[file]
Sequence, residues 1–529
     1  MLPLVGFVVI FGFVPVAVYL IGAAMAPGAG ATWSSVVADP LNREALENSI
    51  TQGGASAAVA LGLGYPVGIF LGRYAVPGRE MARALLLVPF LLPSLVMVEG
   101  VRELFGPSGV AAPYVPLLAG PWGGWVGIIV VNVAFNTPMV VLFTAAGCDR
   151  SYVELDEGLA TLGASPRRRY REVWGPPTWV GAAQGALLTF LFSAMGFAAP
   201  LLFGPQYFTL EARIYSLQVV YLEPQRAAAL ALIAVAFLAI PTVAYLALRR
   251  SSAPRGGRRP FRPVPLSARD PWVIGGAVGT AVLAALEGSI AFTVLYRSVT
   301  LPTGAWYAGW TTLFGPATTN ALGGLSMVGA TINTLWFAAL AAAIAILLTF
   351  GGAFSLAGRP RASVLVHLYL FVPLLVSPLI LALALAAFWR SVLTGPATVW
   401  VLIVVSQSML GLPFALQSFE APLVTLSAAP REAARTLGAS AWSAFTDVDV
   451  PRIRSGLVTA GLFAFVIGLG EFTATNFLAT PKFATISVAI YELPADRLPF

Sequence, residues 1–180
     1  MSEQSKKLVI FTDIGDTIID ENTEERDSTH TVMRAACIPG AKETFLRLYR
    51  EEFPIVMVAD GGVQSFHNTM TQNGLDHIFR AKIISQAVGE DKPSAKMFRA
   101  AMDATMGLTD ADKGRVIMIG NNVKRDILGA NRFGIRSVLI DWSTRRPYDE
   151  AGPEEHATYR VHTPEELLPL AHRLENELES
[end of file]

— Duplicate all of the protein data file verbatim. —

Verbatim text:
Sequence, residues 1–529
     1  MLPLVGFVVI FGFVPVAVYL IGAAMAPGAG ATWSSVVADP LNREALENSI
    51  TQGGASAAVA LGLGYPVGIF LGRYAVPGRE MARALLLVPF LLPSLVMVEG
   101  VRELFGPSGV AAPYVPLLAG PWGGWVGIIV VNVAFNTPMV VLFTAAGCDR
   151  SYVELDEGLA TLGASPRRRY REVWGPPTWV GAAQGALLTF LFSAMGFAAP
   201  LLFGPQYFTL EARIYSLQVV YLEPQRAAAL ALIAVAFLAI PTVAYLALRR
   251  SSAPRGGRRP FRPVPLSARD PWVIGGAVGT AVLAALEGSI AFTVLYRSVT
   301  LPTGAWYAGW TTLFGPATTN ALGGLSMVGA TINTLWFAAL AAAIAILLTF
   351  GGAFSLAGRP RASVLVHLYL FVPLLVSPLI LALALAAFWR SVLTGPATVW
   401  VLIVVSQSML GLPFALQSFE APLVTLSAAP REAARTLGAS AWSAFTDVDV
   451  PRIRSGLVTA GLFAFVIGLG EFTATNFLAT PKFATISVAI YELPADRLPF

Sequence, residues 1–180
     1  MSEQSKKLVI FTDIGDTIID ENTEERDSTH TVMRAACIPG AKETFLRLYR
    51  EEFPIVMVAD GGVQSFHNTM TQNGLDHIFR AKIISQAVGE DKPSAKMFRA
   101  AMDATMGLTD ADKGRVIMIG NNVKRDILGA NRFGIRSVLI DWSTRRPYDE
   151  AGPEEHATYR VHTPEELLPL AHRLENELES